If the mechanism is salience, the vignettes produce two subgroups of women. One subgroup exists for whom sexual orientation is salient and therefore forms differential expectations. Another subgroup exists that does not treat it as salient and therefore has no reason to form differentiated expectations. The mean general expectation states scale score of female respondents then, is a combination of the two subgroups. In contrast, under this mechanism, we assume sexual orientation is salient for nearly all male respondents.

If this situation produced two subgroups among female respondents, evidence for it might be found by examining the variance of women’s responses. The presence of subgroups in a condition will increase the variance of respondents, so variance is often used as a test for bimodality. Support for the salience hypothesis would appear if variance for women were considerably greater than for men. (Because variances are distributed normally, if variance in one condition is 1.96 times greater than variance in a second condition the conditions differ significantly.) Support for the weighting hypothesis would require approximately equal variances for women and men, or even greater variance for men.

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DATA AND RESULTS

In the Webster and colleagues’ studies (1995; 1998) there were four conditions. For several reasons I analyze only conditions one and two in this paper. Condition one manipulated only sexual orientation. That is, in the vignettes, targets varied only by their sexual orientation. In the first study, one target was a gay male, while the other target was a heterosexual male. In the second study, one target was a lesbian, while the other was a heterosexual female.

Condition two manipulated occupation. That is, in the vignettes, targets differed only by their occupation. One target was a dishwasher (low status occupation), the other target was a computer systems analyst (high status occupation). Webster and colleagues intended this condition to test the measure itself by providing data on expectation formation based on occupation that is comparable to previous findings for occupation.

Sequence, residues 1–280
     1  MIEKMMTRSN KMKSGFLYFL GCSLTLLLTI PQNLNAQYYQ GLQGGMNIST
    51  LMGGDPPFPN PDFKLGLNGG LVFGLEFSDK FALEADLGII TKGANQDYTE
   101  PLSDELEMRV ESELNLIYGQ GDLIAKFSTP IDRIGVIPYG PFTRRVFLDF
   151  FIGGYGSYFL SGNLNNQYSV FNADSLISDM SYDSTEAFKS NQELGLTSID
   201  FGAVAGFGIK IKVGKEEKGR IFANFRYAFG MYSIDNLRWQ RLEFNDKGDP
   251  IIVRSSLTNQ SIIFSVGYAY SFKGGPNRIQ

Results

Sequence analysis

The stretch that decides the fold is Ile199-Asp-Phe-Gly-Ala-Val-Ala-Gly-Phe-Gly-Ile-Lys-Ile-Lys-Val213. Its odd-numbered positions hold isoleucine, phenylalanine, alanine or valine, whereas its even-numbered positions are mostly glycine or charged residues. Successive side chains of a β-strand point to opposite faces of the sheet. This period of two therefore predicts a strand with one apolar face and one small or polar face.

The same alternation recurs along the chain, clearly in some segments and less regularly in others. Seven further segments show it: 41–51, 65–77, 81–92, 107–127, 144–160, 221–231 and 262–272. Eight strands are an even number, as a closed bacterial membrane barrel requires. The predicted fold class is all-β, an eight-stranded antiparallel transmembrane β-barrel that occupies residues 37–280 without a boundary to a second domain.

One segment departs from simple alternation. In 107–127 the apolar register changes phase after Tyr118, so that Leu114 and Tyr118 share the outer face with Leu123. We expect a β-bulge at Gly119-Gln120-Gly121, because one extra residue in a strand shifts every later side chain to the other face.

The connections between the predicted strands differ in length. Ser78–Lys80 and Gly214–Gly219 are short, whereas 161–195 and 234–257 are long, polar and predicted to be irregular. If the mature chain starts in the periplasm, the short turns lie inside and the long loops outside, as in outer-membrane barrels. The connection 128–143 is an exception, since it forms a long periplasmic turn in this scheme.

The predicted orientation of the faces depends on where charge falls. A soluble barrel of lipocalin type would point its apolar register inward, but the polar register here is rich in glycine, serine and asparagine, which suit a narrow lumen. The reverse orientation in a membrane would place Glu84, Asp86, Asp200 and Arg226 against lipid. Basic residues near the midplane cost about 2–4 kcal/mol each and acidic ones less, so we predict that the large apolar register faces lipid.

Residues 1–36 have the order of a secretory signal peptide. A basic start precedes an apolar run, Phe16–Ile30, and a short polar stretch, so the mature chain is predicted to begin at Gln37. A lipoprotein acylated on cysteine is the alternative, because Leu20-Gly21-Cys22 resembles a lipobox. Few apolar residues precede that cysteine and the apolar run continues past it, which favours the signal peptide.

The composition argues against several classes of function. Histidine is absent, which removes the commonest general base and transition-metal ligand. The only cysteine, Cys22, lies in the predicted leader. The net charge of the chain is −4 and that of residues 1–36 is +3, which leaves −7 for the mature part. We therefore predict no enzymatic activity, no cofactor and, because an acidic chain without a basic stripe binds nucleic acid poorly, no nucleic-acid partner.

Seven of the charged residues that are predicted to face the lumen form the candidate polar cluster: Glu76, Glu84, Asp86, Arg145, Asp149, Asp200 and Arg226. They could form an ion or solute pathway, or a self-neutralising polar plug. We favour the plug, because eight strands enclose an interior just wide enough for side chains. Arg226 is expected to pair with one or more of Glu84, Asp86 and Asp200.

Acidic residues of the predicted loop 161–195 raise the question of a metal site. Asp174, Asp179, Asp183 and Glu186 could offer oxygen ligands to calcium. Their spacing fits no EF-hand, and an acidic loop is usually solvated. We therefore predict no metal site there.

In the Webster and Hysom study (1995), there were 269 usable questionnaires (Nfemales = 157; Nmales = 108; Nnonresponding = 4). Condition 1 had 71 respondents, condition 2 had 73, condition 3 had 61 respondents, and condition 4 had 64 respondents.

In Webster et al. (1998) there were 549 usable questionnaires (Nfemales = 351; Nmales = 188; Nnonresponding = 10). Condition 1 had 150 respondents, condition 2 had 132 respondents, condition 3 had one 136 respondents, and condition 4 had 131 respondents.

Given that the two Webster and colleagues’ studies support sexual orientation as a diffuse status characteristic, I can now examine gender differences. If gender differences appear then analyses to determine the mechanism producing those differences are possible.

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Table 1. Study 1, Means, Standard Errors, and Variances Across Conditions By Gender

Condition
(N)

Extended General Expectation States & (S.E.) For Males

Variance For Males

Extended General Expectation States & (S.E.) For Females

Variance For Females

1
(M = 27; F = 43)

3.6281 (.1296) .4534 3.9643 (.0897) .3381

2
(M = 32; F = 40)

3.0217 (.1716) .8830 3.0944 (.1804) 1.2041

 

Table 2. Study 2, Means, Standard Errors, and Variances Across Conditions By Gender

Condition
(N)

Extended General Expectation States & (S.E.) For Males

Variance For Males

Extended General Expectation States & (S.E.) For Females

Variance For Females

1
(M = 48; F = 100)

3.9004 (.0781) .2808 3.9184 (.0503) .2404

2
(M = 54; F = 76)

2.8726 (.1049) .5721 3.0211 (.0900) .5753

In study 1, both conditions 1 and 2 male respondents form lower expectations for the low status target than female respondents. This means that the response mean for men has a greater negative displacement from 4.0 (the scale’s center) than the female response mean. Male respondents produced a mean general expectation states scale score of 3.63 with a standard error of .1296. This score represents a displacement from 4.0 of -.3719. Female respondents produced a mean general expectation states scale score of 3.96 with a standard error of .0897 which represents a displacement of -.0357. A t-test showed the difference in means to be significant at the .05 confidence level, and thus results for study 1 in condition 1 support the hypothesis that men form lower expectations for homosexual targets. There is no significant difference between men and women in variance. These results are consistent with the weighting hypothesis.